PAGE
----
FIRST IN AN OCCASIONAL SERIES OF YACHT CLUBS & INSTITUTIONS
By Paul Heiney, Commodore
You’d expect a club with so much saltwater running in its veins to have at least been born somewhere near the coast. The truth is that it began as an association of gentlemen from the UK’s City of Wolverhampton – not a well known coastal town – and it grew from there. The club was formally created in 1880 when this newish sport of going to sea for leisure was just emerging; until then you went to sea to fish or to do trade, or possibly race, but certainly not to ‘cruise’.
The club’s rules give a clue to its inspiration, and the rule is still the same today; ‘ …to facilitate cruising by amateurs in yachts, boats and canoes.’ Sailing canoes were, apparently, common in those days and the thirst for all styles of cruising had been created by the publication in 1867 of ‘The Voyage Alone in the Yawl Rob Roy’ by John MacGregor (pictured below). This was an account of his 1,500-mile voyage in a 21 footer from Limehouse in London to Paris via the Seine. The book was a huge success and became known as ‘the book that launched a thousand ships’.
It certainly created a wave of enthusiasm for exploration in small boats, and while at the time there were coastal yacht clubs a-plenty, their principal focus was on racing. The Cruising Club (it’s original name) became the home for those who took their cruising, not racing, seriously.
That remains true to this day. There is nothing exclusive about membership of the RCC, only an ability to show that the idea of cruising makes your heart beat faster, that your ambition is always to see what lies across the horizon. In the words of those original rules, ‘..the furtherance of the best aspects of cruising under sail throughout the world in accordance with the highest traditions of the sea’.
Each year, the club publishes a journal, called Roving Commissions, in which members write logs of their voyages that season. Work your way through the volumes and it is like reading an entire history of cruising as you start to understand how cruising boats evolved, destinations became ever further afield, adventures more testing. It is available for anyone to read online and contains every edition going as far back as 1883 (go to rcc.org.uk/publications). Have a look at that very first edition and you will see that canoes were even cruising the north of Spain. Read the account by Hamilton Williams and learn how he discovered a sailing canoe in Weymouth, christened it ‘Lout’, and set sail for Paignton.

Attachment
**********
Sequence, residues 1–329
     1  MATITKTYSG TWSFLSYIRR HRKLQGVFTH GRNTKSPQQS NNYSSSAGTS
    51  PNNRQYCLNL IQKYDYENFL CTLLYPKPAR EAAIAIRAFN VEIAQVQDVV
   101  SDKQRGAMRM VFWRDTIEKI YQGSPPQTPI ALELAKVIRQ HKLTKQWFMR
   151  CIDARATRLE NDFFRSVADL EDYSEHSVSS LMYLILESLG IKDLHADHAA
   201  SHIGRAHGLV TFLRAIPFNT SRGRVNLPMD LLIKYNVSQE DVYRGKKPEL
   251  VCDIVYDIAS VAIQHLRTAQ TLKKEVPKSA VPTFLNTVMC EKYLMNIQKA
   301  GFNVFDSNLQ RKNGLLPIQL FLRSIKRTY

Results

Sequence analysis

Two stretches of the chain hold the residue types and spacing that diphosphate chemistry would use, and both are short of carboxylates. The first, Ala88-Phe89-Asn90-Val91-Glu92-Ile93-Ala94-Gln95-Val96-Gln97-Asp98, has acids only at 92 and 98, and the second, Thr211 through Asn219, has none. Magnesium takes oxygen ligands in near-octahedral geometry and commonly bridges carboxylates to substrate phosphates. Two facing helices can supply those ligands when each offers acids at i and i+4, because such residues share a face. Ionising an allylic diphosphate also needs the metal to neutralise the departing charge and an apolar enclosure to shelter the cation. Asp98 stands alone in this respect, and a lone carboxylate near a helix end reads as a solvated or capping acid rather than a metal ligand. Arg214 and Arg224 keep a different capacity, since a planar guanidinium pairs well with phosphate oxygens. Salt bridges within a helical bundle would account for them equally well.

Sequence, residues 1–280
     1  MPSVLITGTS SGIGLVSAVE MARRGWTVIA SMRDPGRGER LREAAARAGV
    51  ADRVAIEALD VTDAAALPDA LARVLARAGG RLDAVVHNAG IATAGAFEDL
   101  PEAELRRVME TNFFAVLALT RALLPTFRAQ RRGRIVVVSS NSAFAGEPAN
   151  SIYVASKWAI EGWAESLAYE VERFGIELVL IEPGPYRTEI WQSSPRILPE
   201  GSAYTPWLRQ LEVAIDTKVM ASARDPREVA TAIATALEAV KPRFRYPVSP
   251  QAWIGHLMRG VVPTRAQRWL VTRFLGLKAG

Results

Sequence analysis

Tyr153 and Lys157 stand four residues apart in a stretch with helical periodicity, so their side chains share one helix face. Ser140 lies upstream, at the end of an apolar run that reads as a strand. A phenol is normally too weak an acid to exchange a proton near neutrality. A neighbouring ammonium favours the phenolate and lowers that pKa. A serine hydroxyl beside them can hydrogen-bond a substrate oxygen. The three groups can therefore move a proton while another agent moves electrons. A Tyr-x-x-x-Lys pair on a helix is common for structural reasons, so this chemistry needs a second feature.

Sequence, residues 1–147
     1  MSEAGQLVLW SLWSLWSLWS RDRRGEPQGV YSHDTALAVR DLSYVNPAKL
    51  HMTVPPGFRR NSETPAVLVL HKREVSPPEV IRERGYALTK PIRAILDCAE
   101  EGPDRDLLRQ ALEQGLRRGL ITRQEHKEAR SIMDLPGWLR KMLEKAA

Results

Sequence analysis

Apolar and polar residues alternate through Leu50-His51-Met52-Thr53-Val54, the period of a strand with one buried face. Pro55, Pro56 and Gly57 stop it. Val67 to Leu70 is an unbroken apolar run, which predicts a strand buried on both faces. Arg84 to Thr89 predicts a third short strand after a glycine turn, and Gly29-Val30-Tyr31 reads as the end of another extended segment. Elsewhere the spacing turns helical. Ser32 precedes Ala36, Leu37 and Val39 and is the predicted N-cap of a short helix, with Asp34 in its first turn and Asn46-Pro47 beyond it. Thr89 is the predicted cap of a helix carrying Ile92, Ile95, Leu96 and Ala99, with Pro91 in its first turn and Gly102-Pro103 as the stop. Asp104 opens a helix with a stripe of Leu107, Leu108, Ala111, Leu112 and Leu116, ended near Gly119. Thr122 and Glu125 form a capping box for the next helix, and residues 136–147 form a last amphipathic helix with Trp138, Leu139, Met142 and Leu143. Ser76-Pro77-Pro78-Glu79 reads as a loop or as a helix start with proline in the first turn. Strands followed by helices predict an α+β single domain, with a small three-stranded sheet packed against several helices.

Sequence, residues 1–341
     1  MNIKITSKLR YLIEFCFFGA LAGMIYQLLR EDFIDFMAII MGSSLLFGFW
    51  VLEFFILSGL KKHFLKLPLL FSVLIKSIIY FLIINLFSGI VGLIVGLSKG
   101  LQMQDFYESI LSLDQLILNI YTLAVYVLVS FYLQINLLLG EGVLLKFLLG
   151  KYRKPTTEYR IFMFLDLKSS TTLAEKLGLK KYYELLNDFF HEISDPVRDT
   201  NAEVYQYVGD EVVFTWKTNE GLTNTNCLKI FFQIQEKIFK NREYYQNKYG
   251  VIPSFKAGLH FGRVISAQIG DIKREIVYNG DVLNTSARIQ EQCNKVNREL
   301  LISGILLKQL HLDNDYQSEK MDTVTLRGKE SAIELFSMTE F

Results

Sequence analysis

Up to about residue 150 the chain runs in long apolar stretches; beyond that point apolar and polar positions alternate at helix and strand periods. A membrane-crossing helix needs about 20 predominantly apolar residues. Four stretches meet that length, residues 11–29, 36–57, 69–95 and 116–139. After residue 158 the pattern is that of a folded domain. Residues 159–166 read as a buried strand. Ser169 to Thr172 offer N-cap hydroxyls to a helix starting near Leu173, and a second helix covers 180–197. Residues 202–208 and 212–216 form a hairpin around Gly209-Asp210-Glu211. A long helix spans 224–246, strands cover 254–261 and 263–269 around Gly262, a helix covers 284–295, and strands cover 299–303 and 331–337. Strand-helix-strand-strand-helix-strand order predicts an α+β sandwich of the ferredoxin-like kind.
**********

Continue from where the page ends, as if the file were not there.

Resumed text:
If you work your way through the volumes – and I can promise you there is no more pleasurable way to spend a winter evening – you will soon start to spot names that rightly belong to the cruising hall of fame. Claud Worth was a member, an early vice commodore who made his reputation through his instructional books, notably ‘Yacht Cruising’ published in 1910, which further fuelled the development of the sport.
Eric Hiscock together with wife Susan more or less invented the idea that a couple of ‘ordinary’ sailors could set off and in safety sail all the way around the world.
Names leap out at you as you read the journals; Earl Brassey, Mulhauser, Peter Pye, Miles and Beryl Smeeton, David Lewis and many others. The hall of fame continues to grow with many recent illustrious voyages to high latitudes and elsewhere, all by names which will, in time, be recognised as great contributors to the business of cruising.
Of course, it is not only a club for those who set themselves the greatest challenges. There are members who undertake cruises in home waters, but doing so in the spirit of those early members who simply wanted to go to sea. It makes the RCC a very broad church.
The RCC gives back to the cruising community through its charitable arm, the Pilotage Foundation. Consisting mostly of RCC members, the Foundation has made its task to publish pilotage material for those parts of the world which no commercially minded publisher would consider. There is never going to be a fortune to be made from publishing cruising guides to the Philippines, or the coast of Uruguay, but if the Pilotage Foundation senses a need then a member will be invited to compile an appropriate book. Of course, they cover more popular areas too, and a Pilotage Foundation book will get you safely all the way from Ushant to the Med, or up to the Baltic and Norway. There’s even a pilot for Cape Horn waters – I wrote it! There is a wealth of world-wide cruising information at rccpf.org.uk
Everyone who belongs to the club is proud of its history and strives to maintain the standards that the founding fathers laid down. But we are all amateurs, we make mistakes like everyone else, but we all know that cruising is addictive and that’s what keeps the club alive.
Paul Heiney (Commodore 2019)
Paul Heiney, 71, and his wife, Libby Purves, OBE, are both keen sailors, prolific authors and respected journalists. Paul has been a radio and TV broadcaster for more than 40 years covering stories for BBC Radio 4’s Today programme, as well as consumer programmes including You & Yours and Watchdog.
In 2005, Paul completed a solo transatlantic crossing in the OSTAR and wrote a book about his experiences, Last Man Across the Atlantic.
Libby, was also a long-time radio broadcaster, working as a reporter on the Today programme and hosting the BBC Radio 4 Midweek magazine programme for many years. She continues to write a column for Yachting Monthly and The Times and has written 12 novels.